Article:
Istanbul Military Museum (Turkish: Askeri Müze) is dedicated to one thousand years of Turkish military history. It is one of the leading museums of its kind in the world. The museum is open to the public everyday except Mondays and Tuesdays. The museum initially opened in Saint Irene Church. Later in 1950, it was moved to the First Army Headquarters building in Cumhuriyet Caddesi, Harbiye, not far from Taksim Square in Istanbul. Harbiye district (an Ottoman derivation from the Arabic word harb for warfare) was the site of the Ottoman imperial military academy, the empire's "West Point" or "Sandhurst" and is still an important military installation. A fine collection of historical weapons, uniforms and tools of various periods of the army are on display. The highlights are the magnificent campaign tents and standards. Outside the museum, interesting Ottoman cannons and mortars, a rail gun, aircraft, helicopters are on display. The Janissary Band "Mehter Takımı", world’s oldest military band gives concerts of march music in traditional uniforms each afternoon. The Ottomans was the first to use musicians in military campaigns and to integrate music into the life and work of the army. After a town had been conquered, the Mehter preceded the conquering Ottoman commander on a procession through the town, playing slow-cadence marches in exotic minor modes. The boom of kettledrums, invented by the Mehter, the wail of oboes and clash of cymbals, (another Turkish invention) was meant to glorify the conquest and impress upon the populace that they were now part of an entirely different civilization.
Istanbul Modern Art Museum (Turkish: İstanbul Modern Sanat Müzesi), a.k.a İstanbul Modern, is a museum of contemporary art in Istanbul, Turkey, inaugurated on December 11, 2004. The museum, located in a converted warehouse in Tophane district on the Bosphorus, is the first of its kind in Turkey. It is easily reached by tram. Istanbul Modern has exhibitions on two floors. The museum's permanent exhibition, along with the shop and the restaurant, is located on the top floor. Temporary exhibitions are located on the lower floor, along with the cinema and the library. The permanent collection as well as temporary exhibits showcase the work of leading Turkish Painters (List of Turkish painters). The museum also has an extensive library and a restaurant. Museum Hours: Tuesday - Sunday: 10.00 - 18.00 Thursday: 10.00 - 20.00 Closed on Mondays. Free Admission on Thursdays
St. Anthony of Padua Cathedral, alternatively known as the Sant'Antonio di Padova Cathedral, S. Antonio di Padova, St. Antoine, or locally as Sent Antuan, is the largest cathedral of the Roman Catholic Church in Istanbul, Turkey. It is located on İstiklal Avenue in the Beyoğlu district. Along with the Cathedral of the Holy Spirit (1846) in the Harbiye district, St. Louis of the French (1581) and Santa Maria Draperis in Beyoğlu, Sts. Peter and Paul (1841) in Galata, Assumption Church in the Moda quarter of Kadıköy, St. Stephen in Yeşilköy and Bakırköy Church in Bakırköy, it is one of the most important Catholic churches in Istanbul, and among them has the largest community following its masses.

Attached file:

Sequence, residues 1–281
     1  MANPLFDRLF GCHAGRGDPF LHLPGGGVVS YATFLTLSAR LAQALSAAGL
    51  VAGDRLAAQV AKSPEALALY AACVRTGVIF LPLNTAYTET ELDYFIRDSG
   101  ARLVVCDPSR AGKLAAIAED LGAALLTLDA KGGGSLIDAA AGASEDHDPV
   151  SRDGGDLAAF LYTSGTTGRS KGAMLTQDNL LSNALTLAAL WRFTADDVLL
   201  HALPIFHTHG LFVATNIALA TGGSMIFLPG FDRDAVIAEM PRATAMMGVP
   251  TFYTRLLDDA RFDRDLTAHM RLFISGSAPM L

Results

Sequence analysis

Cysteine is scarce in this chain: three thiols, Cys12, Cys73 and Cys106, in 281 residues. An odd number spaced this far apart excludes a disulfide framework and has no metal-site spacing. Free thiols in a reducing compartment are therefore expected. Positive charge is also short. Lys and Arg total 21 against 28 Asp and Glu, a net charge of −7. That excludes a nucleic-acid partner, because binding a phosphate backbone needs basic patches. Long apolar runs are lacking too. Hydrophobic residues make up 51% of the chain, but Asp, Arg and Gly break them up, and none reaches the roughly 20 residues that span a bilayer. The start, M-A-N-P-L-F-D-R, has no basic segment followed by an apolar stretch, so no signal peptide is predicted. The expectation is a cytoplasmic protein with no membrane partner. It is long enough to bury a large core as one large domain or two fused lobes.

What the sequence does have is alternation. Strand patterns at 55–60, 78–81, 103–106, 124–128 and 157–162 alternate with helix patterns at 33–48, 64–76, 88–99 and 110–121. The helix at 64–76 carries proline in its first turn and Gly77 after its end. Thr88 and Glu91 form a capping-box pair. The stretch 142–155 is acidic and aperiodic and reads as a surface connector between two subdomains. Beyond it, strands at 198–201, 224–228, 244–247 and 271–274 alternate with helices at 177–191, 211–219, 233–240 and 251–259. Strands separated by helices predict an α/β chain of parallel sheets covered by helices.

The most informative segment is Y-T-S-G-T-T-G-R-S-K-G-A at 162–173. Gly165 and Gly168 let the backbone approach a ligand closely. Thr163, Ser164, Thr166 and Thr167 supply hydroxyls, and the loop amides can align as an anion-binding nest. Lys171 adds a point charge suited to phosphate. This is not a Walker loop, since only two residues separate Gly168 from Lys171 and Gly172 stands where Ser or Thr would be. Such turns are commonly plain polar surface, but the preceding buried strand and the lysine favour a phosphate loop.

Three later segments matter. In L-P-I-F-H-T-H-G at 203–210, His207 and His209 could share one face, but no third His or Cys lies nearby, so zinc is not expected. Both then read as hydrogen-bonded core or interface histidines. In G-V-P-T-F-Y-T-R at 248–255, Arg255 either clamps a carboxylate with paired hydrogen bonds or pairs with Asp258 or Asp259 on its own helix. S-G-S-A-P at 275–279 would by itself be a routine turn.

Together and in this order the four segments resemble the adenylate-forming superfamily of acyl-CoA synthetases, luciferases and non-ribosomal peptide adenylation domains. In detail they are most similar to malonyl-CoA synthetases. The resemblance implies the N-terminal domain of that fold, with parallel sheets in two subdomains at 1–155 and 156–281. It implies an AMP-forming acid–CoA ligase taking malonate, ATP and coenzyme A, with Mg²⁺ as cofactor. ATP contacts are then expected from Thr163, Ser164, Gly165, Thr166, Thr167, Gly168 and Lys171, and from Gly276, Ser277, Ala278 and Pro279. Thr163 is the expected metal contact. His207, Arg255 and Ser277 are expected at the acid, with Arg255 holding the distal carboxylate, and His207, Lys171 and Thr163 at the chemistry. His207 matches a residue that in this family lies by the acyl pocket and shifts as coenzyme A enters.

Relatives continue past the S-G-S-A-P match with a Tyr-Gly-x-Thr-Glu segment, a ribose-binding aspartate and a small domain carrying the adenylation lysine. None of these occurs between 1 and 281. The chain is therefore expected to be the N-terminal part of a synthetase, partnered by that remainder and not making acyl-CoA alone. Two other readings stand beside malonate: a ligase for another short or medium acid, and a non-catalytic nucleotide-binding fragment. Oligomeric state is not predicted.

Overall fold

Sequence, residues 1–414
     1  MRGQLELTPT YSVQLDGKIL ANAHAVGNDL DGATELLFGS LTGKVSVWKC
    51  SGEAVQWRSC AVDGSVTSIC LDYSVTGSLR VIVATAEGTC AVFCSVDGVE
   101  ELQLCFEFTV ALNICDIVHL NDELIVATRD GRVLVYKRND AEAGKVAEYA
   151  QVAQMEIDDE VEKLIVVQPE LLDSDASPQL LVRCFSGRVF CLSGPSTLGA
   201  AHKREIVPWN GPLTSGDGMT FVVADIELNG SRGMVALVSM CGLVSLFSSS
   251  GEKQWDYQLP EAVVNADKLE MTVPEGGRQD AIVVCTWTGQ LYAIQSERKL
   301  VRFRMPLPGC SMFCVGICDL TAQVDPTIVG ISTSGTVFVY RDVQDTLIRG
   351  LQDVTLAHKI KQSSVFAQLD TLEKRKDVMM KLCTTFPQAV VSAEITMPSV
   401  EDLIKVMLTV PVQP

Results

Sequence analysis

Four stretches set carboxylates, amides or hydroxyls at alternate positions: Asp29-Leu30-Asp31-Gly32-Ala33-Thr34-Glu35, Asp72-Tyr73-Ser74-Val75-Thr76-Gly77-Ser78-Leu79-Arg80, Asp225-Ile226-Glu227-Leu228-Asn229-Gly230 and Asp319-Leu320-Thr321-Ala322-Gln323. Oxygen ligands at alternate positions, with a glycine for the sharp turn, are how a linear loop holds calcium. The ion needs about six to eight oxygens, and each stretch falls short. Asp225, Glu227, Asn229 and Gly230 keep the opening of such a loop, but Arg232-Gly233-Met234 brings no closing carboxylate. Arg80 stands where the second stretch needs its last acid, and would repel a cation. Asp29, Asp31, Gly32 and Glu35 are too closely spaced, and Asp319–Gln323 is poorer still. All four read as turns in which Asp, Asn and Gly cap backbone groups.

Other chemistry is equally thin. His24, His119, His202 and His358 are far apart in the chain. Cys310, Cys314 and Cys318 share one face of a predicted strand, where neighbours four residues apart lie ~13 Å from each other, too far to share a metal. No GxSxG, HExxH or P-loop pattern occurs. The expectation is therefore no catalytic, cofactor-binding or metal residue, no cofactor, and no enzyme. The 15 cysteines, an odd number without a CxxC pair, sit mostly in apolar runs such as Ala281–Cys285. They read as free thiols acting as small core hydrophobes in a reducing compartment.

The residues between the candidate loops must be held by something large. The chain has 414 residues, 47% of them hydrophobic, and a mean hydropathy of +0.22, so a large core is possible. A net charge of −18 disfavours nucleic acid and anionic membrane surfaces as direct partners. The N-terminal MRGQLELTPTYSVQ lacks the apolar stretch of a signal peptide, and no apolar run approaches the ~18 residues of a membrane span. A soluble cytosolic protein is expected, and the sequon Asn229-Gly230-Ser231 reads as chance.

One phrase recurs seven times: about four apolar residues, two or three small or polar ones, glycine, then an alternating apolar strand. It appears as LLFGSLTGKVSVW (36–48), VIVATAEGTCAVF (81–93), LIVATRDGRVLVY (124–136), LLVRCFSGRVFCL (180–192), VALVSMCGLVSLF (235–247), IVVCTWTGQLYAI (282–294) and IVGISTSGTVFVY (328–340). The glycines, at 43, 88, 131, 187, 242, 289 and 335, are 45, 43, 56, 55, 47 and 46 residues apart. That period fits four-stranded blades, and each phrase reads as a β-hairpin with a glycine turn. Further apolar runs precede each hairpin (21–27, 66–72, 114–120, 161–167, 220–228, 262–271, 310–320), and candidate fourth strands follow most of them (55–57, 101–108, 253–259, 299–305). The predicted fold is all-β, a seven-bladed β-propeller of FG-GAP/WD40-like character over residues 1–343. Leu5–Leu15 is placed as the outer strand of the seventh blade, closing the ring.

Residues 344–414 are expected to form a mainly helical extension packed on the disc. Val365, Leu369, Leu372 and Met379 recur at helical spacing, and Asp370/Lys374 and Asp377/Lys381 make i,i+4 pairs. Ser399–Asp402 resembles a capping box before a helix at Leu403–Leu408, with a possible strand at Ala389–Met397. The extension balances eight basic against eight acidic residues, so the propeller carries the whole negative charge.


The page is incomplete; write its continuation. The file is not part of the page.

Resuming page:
Abdi İpekçi Street (Turkish: Abdi İpekçi Caddesi) is the premier shopping street of İstanbul, Turkey, located in the Şişli district. It stretches from Maçka neighborhood following Bayıldım Caddesi to Vali Konağı Caddesi in Nişantaşı neighborhood and crosses Operatör M. Kemal Öke Caddesi, Bronz Sokak, Atiye Sokak, Teşvikiye Bostanı Sokak, Eytam Caddesi, Altın Sokak and Profesör Doktor Feyzi Feyzioğlu Sokak on its length of around 700 m in northwest direction. During the last decade, the street in the prestigious neighborhood developed to a place hosting luxury retail shopping venues. With monthly lease price of about 00 m², it is currently the most expensive street for retail stores in Turkey. A variety of exclusive and expensive shops offering Turkish and international designer labels, restaurants of international cuisine and cafés are lined up on both sides of the street. Some of the more famous retailers include Hugo Boss, Tod's, DKNY, Louis Vuitton, Cartier, Prada, Hermes, Gucci, Armani, Ermenegildo Zegna, Chanel, Escada and Burberry together with many local designers that have gained fame abroad as well.